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Top Tips on Completing a Fair Redundancy Process

Updated: Jun 20

Restructures and redundancies are likely to be stressful and emotional. Below is a list of top tips that employers may find useful when handling these difficult situations.

1. Follow your company’s procedure

· Tribunals can automatically judge a redundancy unfair if a company does not follow it’s own procedure.

2. Consult properly and meaningfully

· Start consulting with employees as soon as possible and well before a decision has been made. Employees on maternity or sick leave should also be included.

· Where possible, information about current challenges should be shared to facilitate dialogue with employees as to whether salary reductions, shorter working weeks or job shares could prevent redundancies.

· Voluntary redundancies should also be considered where feasible.

3. Use a fair selection procedure

Consult with employee representatives about the criteria. Criteria may include:

· Attendance records as long as pregnancy-related and disability-related absences are discounted. Employees should be scored fairly, for instance ensuring that an employee who has had one long period of absence due to surgery is not disadvantaged.

· Appraisals which are based on objective measures, with a fair timeframe.

· Disciplinary records as long as disciplinary rules have been applied consistently.

· Any potential discriminatory procedures should be avoided including age-related criteria, pregnant employees and those on maternity leave, and any part-time employees just because they are part-time.

4. Seek suitable alternative employment

· Alternative employment should be actively sought until the end of the employee’s notice period.

· Employees should be made aware of all potential opportunities. It is for the employee to decide what is suitable in terms of accepting demotion and/or a salary cut.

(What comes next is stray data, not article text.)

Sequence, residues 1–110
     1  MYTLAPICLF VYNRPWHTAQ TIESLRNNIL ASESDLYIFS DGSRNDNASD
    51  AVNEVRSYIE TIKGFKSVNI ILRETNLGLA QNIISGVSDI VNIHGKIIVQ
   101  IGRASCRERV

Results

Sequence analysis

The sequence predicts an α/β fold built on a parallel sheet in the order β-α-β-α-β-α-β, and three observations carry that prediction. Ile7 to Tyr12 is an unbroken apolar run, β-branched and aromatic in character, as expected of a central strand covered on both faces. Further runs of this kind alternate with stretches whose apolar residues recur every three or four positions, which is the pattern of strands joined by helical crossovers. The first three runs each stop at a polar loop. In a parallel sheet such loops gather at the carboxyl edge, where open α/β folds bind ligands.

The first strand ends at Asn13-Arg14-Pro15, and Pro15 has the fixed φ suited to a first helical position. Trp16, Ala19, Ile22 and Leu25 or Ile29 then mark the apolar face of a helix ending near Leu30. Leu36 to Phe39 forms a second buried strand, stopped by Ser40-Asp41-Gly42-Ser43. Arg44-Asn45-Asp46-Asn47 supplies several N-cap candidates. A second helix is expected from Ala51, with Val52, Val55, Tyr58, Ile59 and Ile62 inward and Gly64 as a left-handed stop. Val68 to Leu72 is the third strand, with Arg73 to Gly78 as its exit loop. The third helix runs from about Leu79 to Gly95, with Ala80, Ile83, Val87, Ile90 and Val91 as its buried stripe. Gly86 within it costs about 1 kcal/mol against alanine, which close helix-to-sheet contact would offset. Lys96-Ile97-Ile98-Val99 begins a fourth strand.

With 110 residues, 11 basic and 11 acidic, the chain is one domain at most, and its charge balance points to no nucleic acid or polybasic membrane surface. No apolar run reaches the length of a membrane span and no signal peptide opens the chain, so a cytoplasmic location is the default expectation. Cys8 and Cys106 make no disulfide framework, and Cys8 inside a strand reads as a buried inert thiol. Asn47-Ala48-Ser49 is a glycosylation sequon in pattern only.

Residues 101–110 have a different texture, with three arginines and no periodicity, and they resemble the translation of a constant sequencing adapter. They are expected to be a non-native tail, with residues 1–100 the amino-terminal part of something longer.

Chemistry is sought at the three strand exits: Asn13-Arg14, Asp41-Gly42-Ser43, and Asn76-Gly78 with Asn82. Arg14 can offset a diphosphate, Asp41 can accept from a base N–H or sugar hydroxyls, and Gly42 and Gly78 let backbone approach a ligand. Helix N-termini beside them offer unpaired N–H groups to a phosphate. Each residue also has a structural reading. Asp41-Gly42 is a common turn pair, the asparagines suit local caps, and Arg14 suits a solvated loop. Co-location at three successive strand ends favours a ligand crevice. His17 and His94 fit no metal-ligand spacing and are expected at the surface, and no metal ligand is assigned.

· Sufficient detail of any new vacancies should be provided with a trial period of at least four weeks.

· All employees at risk of redundancy should be offered the opportunity to be considered for any vacancies.

5. Provide Support

· The support provided will be noticed by employees who are being made redundant and also those who are remaining with the company. Employers should be mindful that employees who have been made redundant may still be seen as representing the company including on social media.

· Employers may consider providing support in many ways including CV development and interview skills training. Employers may want to externally highlight the support that they are providing to ensure that a positive message is communicated.

· An employee who has been employed for two years has the right to reasonable time off during the notice period to look for a new job or make training arrangements.

6. Communicate with employees not at risk of redundancy

· Employers should explain the rationale behind any decisions to all employees, including how the restructure will help the company and thus provide hope to those who remain.

· Employers should conduct thorough planning and aim to ensure that any new structure is right first time.

How can Kerris Crook HR Consultancy help you:

It is advisable to seek professional assistance from the moment that an employer starts to consider making any changes. Kerris Crook HR Consultancy can provide support throughout this difficult time. Assistance can be provided with process timelines, electing employee representatives, determining selection criteria and skills matrix and weighting accordingly. Support can also be provided by attendance at any consultation meetings, including via Zoom.



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